Which States Boast the Top Mallard Harvest? You Might Be Surprised
Surprised? I was, though I probably shouldn’t be. Montana has a well-deserved reputation for quality waterfowling. Hunters took advantage during 2015-’16 to shoot about 143,050 mallards, beating out other perpetual Northern heavyweights such as Wisconsin, Minnesota and Michigan. Actually, mallards comprised almost 78 percent of Montana’s estimated total duck harvest of 183,600.
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Yeah, everyone probably guessed this one. When you picture prairie corn fields and early-November cold fronts, you likely think of North Dakota. It’s a major production state and gets great migrant mallard flights from Canada. Therefore, it’s not difficult to imagine how Peace Garden State hunters took an estimated 189,295 mallards in 2015-’16.
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Um … seriously? I know Washington is a fantastic waterfowl state (just read M.D. Johnson’s Pacific Flyway Reports on Realtree.com), but I always envision hunters there filling up on wigeon, pintails and divers.
So much for baseless assumptions. Evergreen State waterfowlers shot a whopping estimated 219,729 mallards in 2015-’16. And don’t feel too bad for the pintail, wigeon and diver crowd. State hunters also took about 225,371 other ducks, for an outstanding estimated total harvest of 445,100.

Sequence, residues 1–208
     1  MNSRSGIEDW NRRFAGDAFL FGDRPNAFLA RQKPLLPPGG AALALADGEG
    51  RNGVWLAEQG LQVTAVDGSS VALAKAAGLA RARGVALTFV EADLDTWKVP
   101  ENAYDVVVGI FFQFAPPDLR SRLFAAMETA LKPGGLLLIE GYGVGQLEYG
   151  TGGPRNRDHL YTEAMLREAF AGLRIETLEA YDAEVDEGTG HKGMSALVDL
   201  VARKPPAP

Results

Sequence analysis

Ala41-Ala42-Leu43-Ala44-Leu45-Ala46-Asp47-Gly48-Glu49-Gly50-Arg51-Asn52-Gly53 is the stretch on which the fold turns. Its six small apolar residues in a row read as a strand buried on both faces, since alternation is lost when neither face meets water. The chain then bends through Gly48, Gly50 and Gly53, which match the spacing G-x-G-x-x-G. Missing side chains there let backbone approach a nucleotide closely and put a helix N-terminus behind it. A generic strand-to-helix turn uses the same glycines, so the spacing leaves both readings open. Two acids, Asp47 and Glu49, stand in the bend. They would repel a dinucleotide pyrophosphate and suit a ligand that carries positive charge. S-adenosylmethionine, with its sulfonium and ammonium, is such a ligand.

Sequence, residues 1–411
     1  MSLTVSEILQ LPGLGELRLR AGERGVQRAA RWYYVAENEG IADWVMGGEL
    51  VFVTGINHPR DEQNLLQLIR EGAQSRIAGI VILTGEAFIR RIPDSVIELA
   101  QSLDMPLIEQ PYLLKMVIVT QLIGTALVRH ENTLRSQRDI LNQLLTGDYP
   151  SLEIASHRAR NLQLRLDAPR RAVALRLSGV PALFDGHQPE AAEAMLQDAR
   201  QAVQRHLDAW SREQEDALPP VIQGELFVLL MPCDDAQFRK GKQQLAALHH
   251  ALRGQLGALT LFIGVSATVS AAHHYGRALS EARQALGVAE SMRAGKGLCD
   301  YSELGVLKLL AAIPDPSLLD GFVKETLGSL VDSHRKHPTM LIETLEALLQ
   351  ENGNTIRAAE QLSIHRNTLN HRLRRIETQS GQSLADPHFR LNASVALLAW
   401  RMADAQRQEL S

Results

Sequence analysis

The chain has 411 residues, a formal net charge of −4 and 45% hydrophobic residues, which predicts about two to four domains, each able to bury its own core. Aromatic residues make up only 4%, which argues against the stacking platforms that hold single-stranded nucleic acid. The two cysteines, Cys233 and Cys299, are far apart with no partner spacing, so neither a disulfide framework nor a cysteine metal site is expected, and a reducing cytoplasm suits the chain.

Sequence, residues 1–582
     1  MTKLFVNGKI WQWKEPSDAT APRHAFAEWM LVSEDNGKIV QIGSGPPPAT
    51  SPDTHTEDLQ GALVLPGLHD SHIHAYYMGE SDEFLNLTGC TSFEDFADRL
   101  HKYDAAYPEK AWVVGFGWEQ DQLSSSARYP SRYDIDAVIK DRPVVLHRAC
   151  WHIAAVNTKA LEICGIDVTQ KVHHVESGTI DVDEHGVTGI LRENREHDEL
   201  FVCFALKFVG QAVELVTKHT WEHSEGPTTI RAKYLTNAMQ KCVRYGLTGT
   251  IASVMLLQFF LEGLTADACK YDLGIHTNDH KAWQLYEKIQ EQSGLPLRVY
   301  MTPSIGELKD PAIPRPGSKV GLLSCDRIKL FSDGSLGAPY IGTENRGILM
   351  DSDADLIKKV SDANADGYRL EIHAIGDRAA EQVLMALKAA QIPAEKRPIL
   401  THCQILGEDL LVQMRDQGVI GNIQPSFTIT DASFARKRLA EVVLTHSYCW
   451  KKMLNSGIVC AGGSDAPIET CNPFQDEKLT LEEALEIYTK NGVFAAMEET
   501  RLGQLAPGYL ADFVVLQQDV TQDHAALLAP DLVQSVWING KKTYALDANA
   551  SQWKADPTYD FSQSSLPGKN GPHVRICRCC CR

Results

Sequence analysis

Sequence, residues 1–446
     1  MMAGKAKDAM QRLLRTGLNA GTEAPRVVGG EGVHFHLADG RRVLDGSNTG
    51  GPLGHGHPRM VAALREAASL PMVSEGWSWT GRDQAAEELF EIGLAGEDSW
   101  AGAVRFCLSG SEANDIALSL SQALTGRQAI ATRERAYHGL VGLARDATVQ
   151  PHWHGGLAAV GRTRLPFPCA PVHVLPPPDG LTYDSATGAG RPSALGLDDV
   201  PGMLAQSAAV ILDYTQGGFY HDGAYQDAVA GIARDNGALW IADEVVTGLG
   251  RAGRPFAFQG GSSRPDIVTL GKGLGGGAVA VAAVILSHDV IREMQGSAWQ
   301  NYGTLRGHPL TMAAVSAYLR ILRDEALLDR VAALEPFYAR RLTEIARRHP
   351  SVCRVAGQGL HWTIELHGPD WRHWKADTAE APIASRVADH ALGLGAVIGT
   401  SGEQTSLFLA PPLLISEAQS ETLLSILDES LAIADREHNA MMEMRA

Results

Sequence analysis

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Hmm. Big bucks and heavyweight gobblers, sure. But 234,387 mallards in 2015-’16? Yep. Apparently, the Show Me State is a greenhead titan.
That shouldn’t come as a shock for a state where the Mississippi and Missouri rivers converge, funneling countless ducks and geese during the annual fall migration. What is surprising is that Missouri’s 2015-’16 harvest was actually down about 8 percent from the massive 2014-’15 mallard harvest estimate of 255,007. Can you say destination?
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OK, that’s pretty anti-climactic, as Arkansas’ rice fields and flooded timber are almost synonymous with late-season mallard shooting. Still, the numbers are impressive: Natural State waterfowlers shot an estimated 501,555 mallards in 2015-’16. That’s more than twice as many as the entire Atlantic Flyway total.
One final note: Some hunters probably wonder where Louisiana ranked on this list. Not very high, actually, as harvest estimates indicate hunters there shot just 38,490 mallards during 2015-’16. But remember, 2015 was a warm fall with a classic trickle migration. In 2014-’15, when cold weather struck the North early and stayed, Louisiana hunters shot about 126,396 mallards.
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